India crashed to their worst ever Twenty20 international defeat in Wellington on Wednesday but in the larger scheme of things – read: the ODI World Cup — it really doesn’t matter.
The Indian team management used the opportunity to rest some of its key players, experiment with the line-up and give younger players a chance to earn their spurs. As things go, when one makes so many changes, there is always a risk involved and the result showed that it clearly didn’t go as planned.
But from an individual point of view, it was a chance for some of the players to put their best foot forward and remind the team management of their utility.
Here’s how some of them fared:
Bhuvneshwar under pressure
India’s go-to pace bowling pair in the shorter formats has been Jasprit Bumrah and Bhuvneshwar Kumar. Bumrah gets the wickets and Bhuvneshwar keeps things extremely tight. But Mohammed Shami’s recent resurgence has been so impressive that many have wondered whether he might be a better option for ODIs. All that talk doesn’t mean much but it does put the onus back on Bhuvneshwar to respond with some solid performances of his own to make sure that the good work done over the last few years doesn’t go to waste.
Kumar isn’t the quickest bowler around and that means his margin of error is lesser than Bumrah or Shami. He didn’t get it right in the first T20I and was carted for runs all over the park in what eventually turned out to be his most expensive T20I spell (4-0-47-1).
Karthik needs to step up
Big total on board meant it was always going to be a tough chase. Given that India were playing eight batsmen, it was probably a good chance for at least one of them to come to the party. No one did.
Dinesh Karthik has established himself as one of the candidates for the finisher’s position in the Indian team but by no means is he certain of making it to the World Cup squad. He missed a golden opportunity to make an impression when he dropped two catches while fielding and then failed with the bat.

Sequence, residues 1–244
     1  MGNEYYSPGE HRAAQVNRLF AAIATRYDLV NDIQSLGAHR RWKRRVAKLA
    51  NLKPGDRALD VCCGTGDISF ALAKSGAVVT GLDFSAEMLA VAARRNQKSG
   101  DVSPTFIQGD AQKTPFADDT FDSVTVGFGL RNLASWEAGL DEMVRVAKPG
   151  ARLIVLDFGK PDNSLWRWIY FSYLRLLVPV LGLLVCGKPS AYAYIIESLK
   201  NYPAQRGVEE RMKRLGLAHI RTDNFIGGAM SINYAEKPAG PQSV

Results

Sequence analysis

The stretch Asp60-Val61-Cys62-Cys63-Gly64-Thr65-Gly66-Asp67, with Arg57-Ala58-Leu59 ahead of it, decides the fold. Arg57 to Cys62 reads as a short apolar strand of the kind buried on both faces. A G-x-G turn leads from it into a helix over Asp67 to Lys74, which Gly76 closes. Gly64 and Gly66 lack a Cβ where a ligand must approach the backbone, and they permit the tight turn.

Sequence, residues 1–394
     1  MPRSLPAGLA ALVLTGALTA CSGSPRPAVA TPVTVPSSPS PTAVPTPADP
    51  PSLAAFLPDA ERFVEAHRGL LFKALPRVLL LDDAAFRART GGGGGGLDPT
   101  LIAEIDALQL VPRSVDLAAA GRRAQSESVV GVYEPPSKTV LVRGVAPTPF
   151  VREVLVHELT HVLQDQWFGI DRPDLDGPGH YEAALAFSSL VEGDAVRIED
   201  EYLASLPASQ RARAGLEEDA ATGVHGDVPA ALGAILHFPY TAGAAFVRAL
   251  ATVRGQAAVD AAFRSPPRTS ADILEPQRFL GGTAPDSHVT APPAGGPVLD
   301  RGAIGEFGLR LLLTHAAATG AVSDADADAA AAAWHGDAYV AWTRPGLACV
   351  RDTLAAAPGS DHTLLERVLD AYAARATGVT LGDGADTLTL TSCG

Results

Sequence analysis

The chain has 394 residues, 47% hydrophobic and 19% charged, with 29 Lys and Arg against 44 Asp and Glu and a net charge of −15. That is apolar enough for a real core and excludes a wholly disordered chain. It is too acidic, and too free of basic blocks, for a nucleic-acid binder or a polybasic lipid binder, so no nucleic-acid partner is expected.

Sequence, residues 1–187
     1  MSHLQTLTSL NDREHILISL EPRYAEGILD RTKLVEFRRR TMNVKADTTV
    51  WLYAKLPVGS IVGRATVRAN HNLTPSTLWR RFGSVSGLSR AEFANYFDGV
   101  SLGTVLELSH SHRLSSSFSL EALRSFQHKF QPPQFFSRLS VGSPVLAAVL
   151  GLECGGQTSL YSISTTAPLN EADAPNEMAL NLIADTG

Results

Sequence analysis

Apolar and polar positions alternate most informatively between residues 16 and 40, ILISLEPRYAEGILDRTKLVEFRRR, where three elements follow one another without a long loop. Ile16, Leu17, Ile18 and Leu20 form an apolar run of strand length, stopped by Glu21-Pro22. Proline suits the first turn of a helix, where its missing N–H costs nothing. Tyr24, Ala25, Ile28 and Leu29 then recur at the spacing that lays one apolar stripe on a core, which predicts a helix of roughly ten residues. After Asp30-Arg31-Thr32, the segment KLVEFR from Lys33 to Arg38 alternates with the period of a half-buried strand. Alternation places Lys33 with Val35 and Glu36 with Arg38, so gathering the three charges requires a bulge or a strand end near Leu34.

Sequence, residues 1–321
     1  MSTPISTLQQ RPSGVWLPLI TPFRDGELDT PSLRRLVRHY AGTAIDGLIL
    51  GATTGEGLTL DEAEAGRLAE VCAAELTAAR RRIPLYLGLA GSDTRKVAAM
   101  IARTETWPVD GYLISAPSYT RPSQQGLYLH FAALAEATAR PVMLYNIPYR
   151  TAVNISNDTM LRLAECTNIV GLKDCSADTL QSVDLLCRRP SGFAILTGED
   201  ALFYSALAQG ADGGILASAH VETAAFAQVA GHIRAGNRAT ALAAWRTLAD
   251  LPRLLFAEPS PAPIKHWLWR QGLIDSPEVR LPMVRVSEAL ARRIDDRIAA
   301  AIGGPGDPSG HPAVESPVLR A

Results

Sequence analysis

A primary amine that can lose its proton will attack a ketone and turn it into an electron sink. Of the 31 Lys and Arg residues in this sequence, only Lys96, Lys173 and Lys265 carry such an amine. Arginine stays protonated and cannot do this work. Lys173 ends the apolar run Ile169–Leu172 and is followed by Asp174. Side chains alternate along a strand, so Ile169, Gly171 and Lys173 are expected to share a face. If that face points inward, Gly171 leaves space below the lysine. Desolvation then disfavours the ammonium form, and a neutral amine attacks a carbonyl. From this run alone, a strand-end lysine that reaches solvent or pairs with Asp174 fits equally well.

As a batsman, he has always had all the shots but he seems to go missing when the team needs him most. India need him to find consistency in a difficult spot. It is easier said than done but that is the requirement of the team.
Khaleel too raw?
The left-arm pacer is just 21 and despite clearly having a lot going his way, he is lacking the experience to make the most of his skills. Before the ODIs against Australia, the verdict on who would be the third seamer in the Indian XI was still open and Khaleel Ahmed was one of the options that India seemed to be considering. But Shami has stolen a march over him since then. Now, the question is whether he will be the fourth seamer in the squad.
In the first T20I, he was all over the place and ended up conceding 48 runs in his 4 overs. There is a spark of talent no doubt but the team management will keep a close eye on his performances in the IPL – mainly how he deals with aggressive batsmen. The youngster needs more match experience and how he does in the T20 tournament (apart from the chances he gets in India’s colours in New Zealand and against Australia) could potentially make or break his World Cup chances.
The Vijay Shankar experiment
The Indian team has seen something in Shankar. And that is a good thing. The team sorely needed some backup for Hardik Pandya and the Tamil Nadu allrounder just might be that man. In the past, Virat Kohli has spoken about how most of the best ODI teams in the world have two allrounders and Shankar might give India that second option too.
His bowling is not his strong suit but it was surprising to see Rohit Sharma not even give him one over. Surprising because Hardik, who bowled his full quota, was hammered for 51 runs in his 4 overs.
Then, Shankar was sent up the batting order at one-down, ahead of Rishabh Pant. He has shown himself to be a solid batsman and the team management is giving him the chances to show off his talent but this was perhaps a step too far. The right-hander ended up making 27 off 18 balls.
If Shankar does have a good IPL, he might just be on the plane to England where a seam-bowling allrounder could add significant strength to India’s balance.